After four previous albums that to varying degrees meld his idol Django Reinhardt's gypsy jazz with French chanson in originals and specially chosen covers, guitarist and vocalist Thomas Dutronc realizes a dream with Frenchy. Accompanied by his quartet and an international cast of guests including Iggy Pop, Diana Krall, Stacey Kent, Youn Sun Nah, Haley Reinhart, Jeff Goldblum, and Billy Gibbons, he pays homage to the timelessness of French song with a mostly wonderful result. Iggy and Krall assist on Hernri Bette's and Andre Hornez's "C'est si Bon," immortalized by Yves Montand. While this version doesn’t add much, it's delivered bilingually, thus embracing Jerry Seelen's English lyrics. Edit Piaf's theme, "La Vie en Rose," finds Gibbons adding a silvery touch to an uncharacteristically languid guitar solo. The particular quality in the grain of Dutronc's voice and phrasing bridge Piaf's clipped enunciation with Chet Baker's vulnerable delivery style. "Plus Je T'embrasse," penned by American composer Ben Ryan, was rendered iconic by Blossom Dearie in 1958. Dutronc reads it with fingerpopping hipster sass. American soprano saxophonist, jazz giant Sidney Bechet (beloved in France since 1922) scored a hit there with "Petit Fleur." Its Latin percussion and lonely musette frame Dutronc's vocal and guitar exquisitely. He also reimagines chart hits by two French groups who composed their lyrics in English: A sultry, almost erotic read of Air's "Playground Love" with South Korea's Nah, and an all but unrecognizable version of Daft Punk's international smash "Get Lucky." While Dutronc's vocal on the latter is unsuitable for its melody, his hip take on gypsy-cool jazz adds dimension and savvy. There's another fine duet here between the guitarist and Stacey Kent on a resonant, sensual take of Pierre Barouh's title theme for the film "Un Homme et Une Femme." Frenchy couldn’t exist without a tune by Reinhardt (the French press has dubbed Dutronc "Django's Son"), a modern version of "Minor Swing" that replaces Stephane Grappelli's violin with a Rhodes piano, popping electric guitars, and hyper-strummed mandolin. Alongside Haley Reinhart, Dutronc offers a resilient, rockist read of Jacques Brel's eternal "If You Go Away" adds to a lineage started by Georges Brassens and Leo Ferre. A truly confusing entry here is the inclusion of "My Way." Set to the music of the French song "Comme d'habitude," composed and written by Jacques Revaux, Frank Sinatra's signature version (with unrelated English lyrics by Paul Anka), is the standard no matter who sings it. Dutronc's attempt to straddle cultural lines is valiant, but so wispy it should have been abandoned. Further, on Sacha Distel's and Jean Broussolle's "La Belle Vie" (Yankees know it as Tony Bennet's "The Good Life"), is temporarily elevated by Goldblum's deft pianism, but his uneven, ever so slight singing voice, when paired with the guitarist's expressive baritone, proves detrimental. Dutronc planned and recorded Frenchy with great care and more than a little skill. Fans will find much to delight in. However, attraction for non-Francophone audiences may prove -- despite the album's high quality -- somewhat limited.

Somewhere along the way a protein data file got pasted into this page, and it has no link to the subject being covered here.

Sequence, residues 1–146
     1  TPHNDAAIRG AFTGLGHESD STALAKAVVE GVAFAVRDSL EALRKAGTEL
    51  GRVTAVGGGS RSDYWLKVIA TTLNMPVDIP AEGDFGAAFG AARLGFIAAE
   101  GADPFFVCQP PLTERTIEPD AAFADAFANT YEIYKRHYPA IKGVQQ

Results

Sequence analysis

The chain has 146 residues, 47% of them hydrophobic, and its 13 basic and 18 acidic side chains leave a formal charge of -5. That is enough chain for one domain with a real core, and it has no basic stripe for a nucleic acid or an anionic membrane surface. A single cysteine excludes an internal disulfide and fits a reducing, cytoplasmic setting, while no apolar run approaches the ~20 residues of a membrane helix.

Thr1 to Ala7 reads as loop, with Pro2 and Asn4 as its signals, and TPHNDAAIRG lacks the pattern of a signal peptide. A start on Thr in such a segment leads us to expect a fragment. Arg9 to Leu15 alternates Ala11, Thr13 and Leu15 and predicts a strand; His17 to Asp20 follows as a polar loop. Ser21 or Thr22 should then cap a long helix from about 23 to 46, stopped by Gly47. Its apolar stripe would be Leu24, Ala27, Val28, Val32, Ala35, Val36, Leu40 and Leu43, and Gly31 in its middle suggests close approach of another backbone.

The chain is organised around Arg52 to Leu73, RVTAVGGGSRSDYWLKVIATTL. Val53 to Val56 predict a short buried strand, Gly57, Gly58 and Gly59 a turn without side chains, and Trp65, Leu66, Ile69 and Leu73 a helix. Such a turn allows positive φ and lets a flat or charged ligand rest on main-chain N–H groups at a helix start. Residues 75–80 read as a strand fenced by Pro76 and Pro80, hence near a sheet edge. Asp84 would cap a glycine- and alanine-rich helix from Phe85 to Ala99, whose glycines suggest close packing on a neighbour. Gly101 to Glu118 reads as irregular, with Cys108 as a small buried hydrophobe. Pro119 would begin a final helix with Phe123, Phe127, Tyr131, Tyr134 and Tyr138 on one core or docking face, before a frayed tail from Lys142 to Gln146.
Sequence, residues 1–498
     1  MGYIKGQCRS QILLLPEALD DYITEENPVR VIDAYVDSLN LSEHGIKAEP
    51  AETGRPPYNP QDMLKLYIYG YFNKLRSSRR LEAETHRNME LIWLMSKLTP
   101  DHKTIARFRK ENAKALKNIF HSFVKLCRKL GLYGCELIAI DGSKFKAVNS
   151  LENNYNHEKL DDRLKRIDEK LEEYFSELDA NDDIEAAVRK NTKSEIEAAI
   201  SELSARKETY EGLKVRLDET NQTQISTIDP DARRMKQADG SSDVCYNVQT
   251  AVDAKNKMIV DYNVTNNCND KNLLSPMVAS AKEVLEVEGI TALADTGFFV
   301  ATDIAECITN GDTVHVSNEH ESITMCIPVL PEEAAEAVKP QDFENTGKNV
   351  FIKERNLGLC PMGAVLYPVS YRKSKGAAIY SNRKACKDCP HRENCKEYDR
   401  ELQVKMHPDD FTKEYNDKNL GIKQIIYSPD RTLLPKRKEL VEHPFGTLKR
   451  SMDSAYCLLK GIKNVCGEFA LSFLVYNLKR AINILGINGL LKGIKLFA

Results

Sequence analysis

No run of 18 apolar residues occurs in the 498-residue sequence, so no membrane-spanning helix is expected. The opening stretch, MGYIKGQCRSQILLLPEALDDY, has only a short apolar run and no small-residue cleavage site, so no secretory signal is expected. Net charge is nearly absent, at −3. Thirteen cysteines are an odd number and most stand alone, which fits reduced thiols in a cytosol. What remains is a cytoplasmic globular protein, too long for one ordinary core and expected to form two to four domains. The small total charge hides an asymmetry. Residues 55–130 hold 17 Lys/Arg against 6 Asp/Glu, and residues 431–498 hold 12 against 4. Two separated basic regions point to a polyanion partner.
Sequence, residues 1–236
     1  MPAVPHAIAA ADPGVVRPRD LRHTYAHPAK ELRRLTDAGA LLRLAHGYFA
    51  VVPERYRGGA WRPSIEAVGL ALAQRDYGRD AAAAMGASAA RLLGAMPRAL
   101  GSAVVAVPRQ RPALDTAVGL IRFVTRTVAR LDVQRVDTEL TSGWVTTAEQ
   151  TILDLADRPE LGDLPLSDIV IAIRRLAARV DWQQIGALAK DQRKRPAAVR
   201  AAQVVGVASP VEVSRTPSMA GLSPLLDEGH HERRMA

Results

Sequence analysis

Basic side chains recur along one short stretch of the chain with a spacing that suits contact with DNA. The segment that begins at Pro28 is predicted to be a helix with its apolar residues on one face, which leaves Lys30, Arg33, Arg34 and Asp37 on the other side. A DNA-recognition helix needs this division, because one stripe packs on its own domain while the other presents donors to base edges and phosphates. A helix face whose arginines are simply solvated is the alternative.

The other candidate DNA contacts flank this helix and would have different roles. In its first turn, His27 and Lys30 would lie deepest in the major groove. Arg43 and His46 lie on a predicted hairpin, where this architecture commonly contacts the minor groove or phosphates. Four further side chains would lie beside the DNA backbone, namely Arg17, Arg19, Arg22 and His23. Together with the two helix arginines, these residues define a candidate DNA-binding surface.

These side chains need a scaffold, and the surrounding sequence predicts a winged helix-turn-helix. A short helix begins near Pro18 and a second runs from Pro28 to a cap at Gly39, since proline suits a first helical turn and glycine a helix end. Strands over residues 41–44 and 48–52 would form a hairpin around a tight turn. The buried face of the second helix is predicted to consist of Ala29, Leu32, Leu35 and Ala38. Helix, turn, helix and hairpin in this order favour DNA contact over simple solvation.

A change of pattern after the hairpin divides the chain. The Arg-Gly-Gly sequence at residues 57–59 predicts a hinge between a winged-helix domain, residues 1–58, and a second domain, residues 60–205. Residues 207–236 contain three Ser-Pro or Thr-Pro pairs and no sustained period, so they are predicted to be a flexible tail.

© Thom Jurek /TiVo